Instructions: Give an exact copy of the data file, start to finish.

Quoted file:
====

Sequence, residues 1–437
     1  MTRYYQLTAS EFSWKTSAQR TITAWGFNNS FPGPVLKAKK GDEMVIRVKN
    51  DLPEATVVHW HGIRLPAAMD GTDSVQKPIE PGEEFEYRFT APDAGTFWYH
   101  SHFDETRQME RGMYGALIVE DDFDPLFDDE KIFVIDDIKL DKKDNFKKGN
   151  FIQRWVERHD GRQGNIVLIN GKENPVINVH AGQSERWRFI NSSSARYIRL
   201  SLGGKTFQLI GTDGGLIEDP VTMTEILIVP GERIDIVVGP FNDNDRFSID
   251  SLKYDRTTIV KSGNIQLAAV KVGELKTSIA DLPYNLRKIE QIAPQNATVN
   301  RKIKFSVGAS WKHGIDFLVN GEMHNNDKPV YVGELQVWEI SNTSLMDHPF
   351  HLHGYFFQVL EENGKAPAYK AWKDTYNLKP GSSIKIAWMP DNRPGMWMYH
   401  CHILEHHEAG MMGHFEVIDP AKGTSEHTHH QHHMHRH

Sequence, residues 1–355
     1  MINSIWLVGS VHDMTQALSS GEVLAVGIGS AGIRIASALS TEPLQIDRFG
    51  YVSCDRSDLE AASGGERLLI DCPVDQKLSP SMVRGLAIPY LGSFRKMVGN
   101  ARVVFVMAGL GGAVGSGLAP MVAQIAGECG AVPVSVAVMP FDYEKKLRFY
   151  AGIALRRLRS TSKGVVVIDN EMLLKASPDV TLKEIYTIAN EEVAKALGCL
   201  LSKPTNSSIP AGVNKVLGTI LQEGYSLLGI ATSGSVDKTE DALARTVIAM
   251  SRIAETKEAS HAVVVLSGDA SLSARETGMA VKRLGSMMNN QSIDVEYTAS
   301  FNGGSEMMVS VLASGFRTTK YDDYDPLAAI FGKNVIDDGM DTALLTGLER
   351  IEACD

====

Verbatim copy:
Sequence, residues 1–437
     1  MTRYYQLTAS EFSWKTSAQR TITAWGFNNS FPGPVLKAKK GDEMVIRVKN
    51  DLPEATVVHW HGIRLPAAMD GTDSVQKPIE PGEEFEYRFT APDAGTFWYH
   101  SHFDETRQME RGMYGALIVE DDFDPLFDDE KIFVIDDIKL DKKDNFKKGN
   151  FIQRWVERHD GRQGNIVLIN GKENPVINVH AGQSERWRFI NSSSARYIRL
   201  SLGGKTFQLI GTDGGLIEDP VTMTEILIVP GERIDIVVGP FNDNDRFSID
   251  SLKYDRTTIV KSGNIQLAAV KVGELKTSIA DLPYNLRKIE QIAPQNATVN
   301  RKIKFSVGAS WKHGIDFLVN GEMHNNDKPV YVGELQVWEI SNTSLMDHPF
   351  HLHGYFFQVL EENGKAPAYK AWKDTYNLKP GSSIKIAWMP DNRPGMWMYH
   401  CHILEHHEAG MMGHFEVIDP AKGTSEHTHH QHHMHRH

Sequence, residues 1–355
     1  MINSIWLVGS VHDMTQALSS GEVLAVGIGS AGIRIASALS TEPLQIDRFG
    51  YVSCDRSDLE AASGGERLLI DCPVDQKLSP SMVRGLAIPY LGSFRKMVGN
   101  ARVVFVMAGL GGAVGSGLAP MVAQIAGECG AVPVSVAVMP FDYEKKLRFY
   151  AGIALRRLRS TSKGVVVIDN EMLLKASPDV TLKEIYTIAN EEVAKALGCL
   201  LSKPTNSSIP AGVNKVLGTI LQEGYSLLGI ATSGSVDKTE DALARTVIAM
   251  SRIAETKEAS HAVVVLSGDA SLSARETGMA VKRLGSMMNN QSIDVEYTAS
   301  FNGGSEMMVS VLASGFRTTK YDDYDPLAAI FGKNVIDDGM DTALLTGLER
   351  IEACD